Story: Handsome prince Tamino is approached by three lady attendants of the Queen of the Night, who find him attractive but inaccessible. The Queen herself subsequently appears to Tamino and promises him her beautiful daughter Pamina in marriage if he can free Pamina from the evil sorcerer Sarastro.

Tamino makes the perilous journey to Sarastro’s den accompanied by the light-hearted bird-catcher Papageno, whose motivating goal is to marry a pretty woman and have a big family. To help Tamino, the Queen’s ladies give him a magic flute that can turn sorrow into joy, and also present some magic bells to Papageno that will enchant all who hear them. They then send three child spirits to guide Tamino to Pamina.

Pamina is coveted by Sarastro’s henchman, Monostatos, but is enraptured when she learns that a handsome prince is coming to free her. When Tamino sees Pamina, they fall in love. Tamino discovers that Sarastro is not evil but rather benevolent, but also learns from Sarastro that he must pass a stern and treacherous trial of wisdom before he can marry Pamina.

When the Queen hears that Tamino is in the process of joining the brotherhood of Sarastro and his followers, she gives Pamina a dagger and instructs her to kill Sarastro herself, even while Tamino perseveres to win her hand.

Highlights: The Magic Flute is considered to be Mozart’s most popular opera and is the fourth most-produced opera in the world. The opening production of the 2014 season of Opera Theatre of Saint Louis marks its fourth presentation by OTSL, including the first performance of Andrew Porter’s English lyrics that were commissioned by OTSL in 1980.

To further enliven proceedings, OTSL gives free rein to director/designer Isaac Mizrahi to offer his own interpretation of what he considers his favorite opera. The result is a somewhat funky but spirited rendition that Mizrahi sets on a Hollywood sound stage haunted by the ghost of a grande dame who just happens to have a spectacular voice in the person of Claire de Sevigne.

Other Info: Mizrahi’s interpretation allows for a scenic design that plays out on a Hollywood sound stage featuring such garish accoutrements as golden-skinned soldiers and exaggerated animals that frolic across the set. Some of it is amusing, such as those pastoral creatures who befriend Papageno. Other aspects, such as the three spirits dressed like babies a la Fred Astaire, Nanette Fabray and Jack Buchanan in Vincente Minnelli’s 1953 flick, The Band Wagon (pictured in OTSL’s handsome program), seem forced and just silly.

There’s nothing silly, though, about Canadian de Sevigne’s soaring soprano, which defies belief while you hear her crisply and deliberately pierce a series of singular notes in the Queen’s aria, Hell’s Vengeance Boils in My Heart (English translation).  That's when the Queen of the Night explodes when she learns from her daughter that Tamino is determined to join Sarastro’s brotherhood of enlightenment.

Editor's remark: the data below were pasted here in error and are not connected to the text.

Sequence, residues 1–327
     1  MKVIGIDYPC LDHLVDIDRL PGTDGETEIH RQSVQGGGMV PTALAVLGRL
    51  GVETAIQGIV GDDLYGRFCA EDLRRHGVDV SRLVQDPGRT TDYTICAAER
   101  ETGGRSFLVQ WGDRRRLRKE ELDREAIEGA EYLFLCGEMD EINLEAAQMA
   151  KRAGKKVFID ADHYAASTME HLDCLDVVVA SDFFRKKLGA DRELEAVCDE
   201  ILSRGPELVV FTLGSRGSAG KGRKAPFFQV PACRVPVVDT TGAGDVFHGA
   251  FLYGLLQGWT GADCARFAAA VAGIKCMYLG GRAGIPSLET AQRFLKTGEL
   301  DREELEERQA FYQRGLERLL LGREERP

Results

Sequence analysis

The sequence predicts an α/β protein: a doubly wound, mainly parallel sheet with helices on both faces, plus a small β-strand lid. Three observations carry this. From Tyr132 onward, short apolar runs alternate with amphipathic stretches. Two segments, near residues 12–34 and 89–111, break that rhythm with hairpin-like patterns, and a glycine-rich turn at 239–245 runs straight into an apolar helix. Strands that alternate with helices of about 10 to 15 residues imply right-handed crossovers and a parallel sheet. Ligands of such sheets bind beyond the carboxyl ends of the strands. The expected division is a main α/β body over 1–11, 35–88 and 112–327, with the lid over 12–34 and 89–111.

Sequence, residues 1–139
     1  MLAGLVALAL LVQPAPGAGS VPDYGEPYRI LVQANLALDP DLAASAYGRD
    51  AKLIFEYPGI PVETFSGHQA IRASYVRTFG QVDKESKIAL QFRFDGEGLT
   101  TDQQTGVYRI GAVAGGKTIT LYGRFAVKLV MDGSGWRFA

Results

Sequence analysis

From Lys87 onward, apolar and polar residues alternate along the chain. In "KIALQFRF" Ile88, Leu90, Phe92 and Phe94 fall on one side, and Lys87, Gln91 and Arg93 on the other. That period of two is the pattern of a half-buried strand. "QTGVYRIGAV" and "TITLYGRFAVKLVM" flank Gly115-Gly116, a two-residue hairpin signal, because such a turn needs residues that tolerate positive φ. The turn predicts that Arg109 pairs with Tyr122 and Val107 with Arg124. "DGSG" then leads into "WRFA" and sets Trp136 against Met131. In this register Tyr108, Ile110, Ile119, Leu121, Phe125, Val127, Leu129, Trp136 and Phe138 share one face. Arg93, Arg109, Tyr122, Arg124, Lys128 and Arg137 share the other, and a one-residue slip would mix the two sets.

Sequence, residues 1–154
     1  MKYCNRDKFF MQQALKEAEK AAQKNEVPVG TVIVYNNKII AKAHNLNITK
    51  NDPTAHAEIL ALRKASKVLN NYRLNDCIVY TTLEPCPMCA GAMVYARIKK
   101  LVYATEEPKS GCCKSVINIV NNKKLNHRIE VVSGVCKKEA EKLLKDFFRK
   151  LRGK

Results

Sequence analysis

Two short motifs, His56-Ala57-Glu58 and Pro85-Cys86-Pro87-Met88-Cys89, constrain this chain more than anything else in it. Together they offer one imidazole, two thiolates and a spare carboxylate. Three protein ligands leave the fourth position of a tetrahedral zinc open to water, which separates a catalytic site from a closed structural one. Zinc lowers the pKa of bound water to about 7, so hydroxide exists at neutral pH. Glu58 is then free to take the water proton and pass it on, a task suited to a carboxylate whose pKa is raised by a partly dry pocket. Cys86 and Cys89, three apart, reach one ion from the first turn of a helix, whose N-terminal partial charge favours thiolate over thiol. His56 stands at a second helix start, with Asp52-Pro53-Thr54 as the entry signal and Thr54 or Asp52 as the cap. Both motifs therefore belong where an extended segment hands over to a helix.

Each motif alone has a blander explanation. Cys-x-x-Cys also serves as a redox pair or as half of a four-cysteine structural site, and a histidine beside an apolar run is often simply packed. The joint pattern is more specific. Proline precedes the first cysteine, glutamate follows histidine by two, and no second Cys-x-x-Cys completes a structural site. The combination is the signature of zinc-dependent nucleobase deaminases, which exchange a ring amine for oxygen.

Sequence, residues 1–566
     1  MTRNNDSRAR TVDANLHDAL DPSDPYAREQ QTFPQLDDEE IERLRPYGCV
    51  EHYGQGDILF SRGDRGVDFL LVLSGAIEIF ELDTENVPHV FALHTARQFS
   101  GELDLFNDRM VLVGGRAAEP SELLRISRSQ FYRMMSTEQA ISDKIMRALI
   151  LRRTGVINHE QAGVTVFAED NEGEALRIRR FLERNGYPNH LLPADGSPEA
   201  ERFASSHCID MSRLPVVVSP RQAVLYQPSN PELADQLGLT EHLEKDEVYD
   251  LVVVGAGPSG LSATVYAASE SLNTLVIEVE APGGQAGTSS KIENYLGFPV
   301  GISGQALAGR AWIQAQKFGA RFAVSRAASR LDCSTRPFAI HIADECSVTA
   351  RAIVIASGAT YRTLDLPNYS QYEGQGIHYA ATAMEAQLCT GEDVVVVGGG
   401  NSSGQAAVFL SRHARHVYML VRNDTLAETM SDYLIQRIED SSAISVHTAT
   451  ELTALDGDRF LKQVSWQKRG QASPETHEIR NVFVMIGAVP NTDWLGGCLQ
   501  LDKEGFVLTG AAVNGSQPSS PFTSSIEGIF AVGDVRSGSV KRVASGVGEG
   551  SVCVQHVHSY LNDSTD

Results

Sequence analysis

In her OTSL debut de Sevigne possesses the show’s best voice, but there are other notable contributions. Former Gerdine Young Artist Elizabeth Zharoff showcases a smooth, strong soprano in the role of Pamina, while tenor Sean Panikkar dazzles as the intrepid Tamino.

Levi Hernandez’s comic chops serve him well as the amiable Papageno, looking quite bizarrely decked out in a half-suit, half-feathers concoction conceived by Mizrahi for the bird-catcher. Former Gerdine Young Artist Matthew Anchel’s resonant bass strikes the proper serious chords as the sagacious Sarastro, while Katrina Galka’s Papagena is a visual and auditory comic delight.

Matthew di Battista is a ghoulish blue demon as Monostatos in Tom Watson’s resplendent makeup (which also paints Sarastro’s guards in that gaudy gold), while Mizrahi appoints the Queen’s attendants, namely Raquel Gonzalez, Summer Hassan and Corrie Stallings, in frilly blue dresses. Emily Tweedy, Gillian Lynn Cotter and Fleur Barron are the baby-doll-attired spirits and bass-baritone Andrew Kroes primarily speaks his lines as the temple spokesman in Emanuel Schikaneder’s singspiel which blends spoken dialogue with songs.

Mizrahi takes advantage of John Heginbotham’s enchanting choreography to underscore the levity of both Mozart’s music and the libretto, which includes new English dialogue for this production by Susan Bernofsky in several scenes, further enhanced by Michael Chybowski’s lighting and Wendall Harrington’s video design.

Noted Mozart expert and conductor Jane Glover offers a resounding interpretation with the Saint Louis Symphony Orchestra for her seventh voyage aboard The Magic Flute, one that keeps the music fresh and engaging over the three-hour performance.

All in all, despite a second act that drags to its conclusion and some questionable devices that overplay the Hollywood musical motif, OTSL’s fourth version of The Magic Flute hits plenty of high notes.

Opera: The Magic Flute

Company: Opera Theatre of Saint Louis

Venue: Browning Mainstage, Loretto-Hilton Center, 130 Edgar Road

Dates: June 5, 11, 15, 18, 21, 24, 28

Tickets: $25-$125; contact 961-0644 or

Rating: A 4 on a scale of 1-to-5.

Photos courtesy of Ken Howard